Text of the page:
By Nina Amir
Many aspiring nonfiction authors see book proposals as a necessary evil. Maybe you, too, see this document as a means to an end. You must write one so you can find a literary agent who can present your book idea to publishers or so you can do so yourself.
In fact, both nonfiction writers who plan to independently publish their books and those who seek traditional publishing deals should consider creating a nonfiction book proposal as a necessary book creation process. Don’t think of what you are doing as writing a proposal, though; think of it as developing a business plan for your book so you can evaluate the viability of your idea. Every book needs a business plan, and the best business plan for a book is, in fact, a proposal.
Train to Become a Successful Author
By going through all the sections of a nonfiction book proposal and at least composing a draft document—a business plan—you not only hone you book idea, you figure out if your idea has any market potential or if it needs to be re-crafted or re-angled to make it more saleable. The proposal process becomes an author training process as you determine how to take your initial idea and:
- address readers’ needs
- target the best markets
- rise above the competition
- promote your book
- become a business person as well as a writer
Once finished, you’ll know how to create a book idea with the potential of becoming successful in the marketplace and what you need to do to help that book succeed. Armed with that knowledge, you can begin writing a marketable book.
Create a Writing Plan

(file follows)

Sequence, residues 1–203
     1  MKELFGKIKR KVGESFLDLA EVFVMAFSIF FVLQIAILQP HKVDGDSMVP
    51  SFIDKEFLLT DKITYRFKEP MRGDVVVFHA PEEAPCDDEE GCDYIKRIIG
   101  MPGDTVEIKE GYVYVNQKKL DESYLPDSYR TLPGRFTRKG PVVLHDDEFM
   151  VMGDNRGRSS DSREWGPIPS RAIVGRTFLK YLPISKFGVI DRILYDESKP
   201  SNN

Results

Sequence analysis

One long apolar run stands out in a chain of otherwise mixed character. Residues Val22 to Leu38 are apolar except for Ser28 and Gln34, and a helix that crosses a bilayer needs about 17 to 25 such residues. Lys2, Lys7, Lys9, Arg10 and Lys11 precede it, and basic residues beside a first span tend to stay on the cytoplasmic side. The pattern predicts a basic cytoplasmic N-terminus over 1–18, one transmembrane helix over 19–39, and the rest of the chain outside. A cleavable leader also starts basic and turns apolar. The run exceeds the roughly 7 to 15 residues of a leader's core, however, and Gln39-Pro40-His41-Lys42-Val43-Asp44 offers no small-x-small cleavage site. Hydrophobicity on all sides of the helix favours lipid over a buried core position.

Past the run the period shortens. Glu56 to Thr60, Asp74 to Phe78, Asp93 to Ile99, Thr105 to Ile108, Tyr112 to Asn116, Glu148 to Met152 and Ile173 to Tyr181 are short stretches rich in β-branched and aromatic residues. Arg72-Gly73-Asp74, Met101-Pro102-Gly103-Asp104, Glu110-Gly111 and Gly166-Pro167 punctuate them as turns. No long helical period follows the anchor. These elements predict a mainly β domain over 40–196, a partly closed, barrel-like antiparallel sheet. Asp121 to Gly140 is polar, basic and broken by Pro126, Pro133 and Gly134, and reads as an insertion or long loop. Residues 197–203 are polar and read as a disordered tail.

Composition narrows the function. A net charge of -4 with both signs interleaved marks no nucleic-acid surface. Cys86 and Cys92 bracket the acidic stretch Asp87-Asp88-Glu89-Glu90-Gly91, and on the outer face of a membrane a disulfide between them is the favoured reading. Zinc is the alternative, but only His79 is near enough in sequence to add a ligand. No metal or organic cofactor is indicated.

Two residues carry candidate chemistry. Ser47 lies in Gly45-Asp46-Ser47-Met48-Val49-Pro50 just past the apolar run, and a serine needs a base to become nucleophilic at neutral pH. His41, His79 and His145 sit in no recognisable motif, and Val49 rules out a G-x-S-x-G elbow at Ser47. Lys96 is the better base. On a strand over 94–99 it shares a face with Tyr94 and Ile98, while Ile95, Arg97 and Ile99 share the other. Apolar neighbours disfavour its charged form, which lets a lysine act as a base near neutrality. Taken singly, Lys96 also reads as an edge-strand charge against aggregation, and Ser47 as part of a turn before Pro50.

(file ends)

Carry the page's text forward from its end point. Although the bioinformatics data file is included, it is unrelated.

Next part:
If you are thinking of writing a nonfiction book, begin by going through the author training, or proposal, process before you write one word. You won’t regret it. In fact, you’ll be grateful. In addition to giving you clarity about your book’s subject, the process also offers you the chance to finalize your table of contents and to detail the contents of every chapter. Coupled with a pitch and a summary of your book and its benefits—all part of the business plan you create during the process—you create an outline perfect for guiding you through writing your book.
Thus, when you’ve completed all the steps of the training process, you’ll be ready to write a book that sells to publishers and to readers—one that succeeds.
About the Author: Nina Amir, the Inspiration to Creation Coach, is the author of How to Blog a Book and The Author’s Training Manual (Writer’s Digest Books, Feb. 2014). She motivates both writers and non-writers to create publishable products and careers as authors and inspires people to combine their purpose and passion so they Achieve More Inspired Results in life and work. Register for Nina’s Author Training 101 live or home-study course if you want to create a business plan for your successful book in just 8 weeks! For more information on Nina, visit www.ninaamir.com.